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IT Survey: Employees Have Access To Too Much Information

The Ponemon Institute found that 69% of respondents said access policies in their organizations were poorly enforced or ignored.
The majority of IT executives believe employees have access to too much information, a study released Tuesday suggests.

The 2008 National Survey on Access Governance, conducted by information management research firm the Ponemon Institute and Aveksa, a corporate security vendor, finds that 78% of 700 IT professionals surveyed believe their employees have too much access to information that's not necessary for their jobs.

It may seem self-serving for a company that offers security and compliance systems to highlight the need for its products and services, but such is the world of IT-oriented studies. For all its unseemliness, events of the past few weeks suggest that there is more to Aveksa's observations than marketing.

The loss of more than $7 billion at French bank Société Générale might have been averted had better internal controls been in place to prevent Jerome Kerviel's apparently disastrous financial trades. And Steven E. Hutchins Architects might not have lost an estimated $2.5 million in architectural data to the alleged actions of a disgruntled employee had the firm implemented better security measures.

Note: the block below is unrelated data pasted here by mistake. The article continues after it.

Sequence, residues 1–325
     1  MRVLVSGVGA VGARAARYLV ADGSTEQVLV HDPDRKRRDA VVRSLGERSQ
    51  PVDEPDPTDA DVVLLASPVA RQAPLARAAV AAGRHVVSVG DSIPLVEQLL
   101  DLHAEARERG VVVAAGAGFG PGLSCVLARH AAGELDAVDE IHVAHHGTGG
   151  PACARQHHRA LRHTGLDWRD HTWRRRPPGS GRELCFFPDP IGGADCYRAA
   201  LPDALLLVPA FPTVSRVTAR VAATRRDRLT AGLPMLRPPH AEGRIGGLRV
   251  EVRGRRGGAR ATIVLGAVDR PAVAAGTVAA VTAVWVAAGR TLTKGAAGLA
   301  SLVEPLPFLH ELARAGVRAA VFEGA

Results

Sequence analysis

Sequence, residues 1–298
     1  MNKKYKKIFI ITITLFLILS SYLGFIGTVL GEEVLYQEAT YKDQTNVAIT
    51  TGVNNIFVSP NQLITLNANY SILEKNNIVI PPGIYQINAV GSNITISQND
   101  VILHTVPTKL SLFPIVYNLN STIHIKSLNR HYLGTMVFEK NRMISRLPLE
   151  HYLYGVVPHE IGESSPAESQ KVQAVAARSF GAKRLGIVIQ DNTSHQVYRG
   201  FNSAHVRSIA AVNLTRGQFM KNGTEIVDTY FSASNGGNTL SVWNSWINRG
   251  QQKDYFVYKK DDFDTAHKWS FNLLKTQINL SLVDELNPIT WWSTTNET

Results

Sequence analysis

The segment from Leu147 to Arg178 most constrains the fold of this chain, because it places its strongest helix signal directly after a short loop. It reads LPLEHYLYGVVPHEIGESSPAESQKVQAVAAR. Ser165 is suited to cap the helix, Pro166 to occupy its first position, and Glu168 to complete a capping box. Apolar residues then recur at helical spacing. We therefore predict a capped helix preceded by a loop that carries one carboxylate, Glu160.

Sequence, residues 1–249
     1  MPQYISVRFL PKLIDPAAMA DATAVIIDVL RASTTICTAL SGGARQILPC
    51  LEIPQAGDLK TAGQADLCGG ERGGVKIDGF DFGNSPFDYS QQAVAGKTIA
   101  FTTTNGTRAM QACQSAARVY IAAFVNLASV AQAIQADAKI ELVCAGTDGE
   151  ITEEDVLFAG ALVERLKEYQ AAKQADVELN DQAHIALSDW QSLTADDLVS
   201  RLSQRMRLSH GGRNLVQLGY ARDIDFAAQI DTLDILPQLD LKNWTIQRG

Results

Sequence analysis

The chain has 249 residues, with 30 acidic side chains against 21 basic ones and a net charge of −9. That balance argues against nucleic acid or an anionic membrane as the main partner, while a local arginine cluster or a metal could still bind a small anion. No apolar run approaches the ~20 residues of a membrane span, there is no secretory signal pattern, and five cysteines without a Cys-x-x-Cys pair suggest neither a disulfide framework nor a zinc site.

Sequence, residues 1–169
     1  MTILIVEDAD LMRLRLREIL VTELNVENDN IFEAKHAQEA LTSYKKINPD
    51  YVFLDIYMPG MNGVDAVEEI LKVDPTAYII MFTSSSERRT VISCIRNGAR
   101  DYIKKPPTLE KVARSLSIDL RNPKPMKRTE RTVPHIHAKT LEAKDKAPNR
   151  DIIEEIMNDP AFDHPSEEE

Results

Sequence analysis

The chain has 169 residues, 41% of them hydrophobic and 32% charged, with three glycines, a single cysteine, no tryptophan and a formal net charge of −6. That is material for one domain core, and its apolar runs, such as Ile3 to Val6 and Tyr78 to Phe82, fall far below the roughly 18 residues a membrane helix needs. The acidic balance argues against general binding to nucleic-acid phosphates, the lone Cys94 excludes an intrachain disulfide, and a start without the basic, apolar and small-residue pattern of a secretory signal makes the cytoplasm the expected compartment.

Despite the fact that such might-have-beens are the stuff of promotional literature, the inescapable conclusion is that information is too accessible and too free of controls.

Consider: The survey found that 69% of respondents said that access policies in their organizations were poorly enforced or ignored. It also found that 55% of respondents rated their companies' ability to grant information access rights to be poor or nonexistent.

"The ability of organizations to consistently enforce access policies is not good," said Brian Cleary, VP of marketing of Aveksa. "Organizations don't have a good process for doing regular review and certification."

A common problem, said Cleary, is "entitlement creep," in which workers move to a new business unit and their information access rights fail to get updated to match their new roles. Business units tend to leave this to IT organizations, but Cleary believes that's a mistake because it's the business units that understand role requirements.

"Business units think IT owns liability for failure," said Cleary. "But that's not the way auditors see it."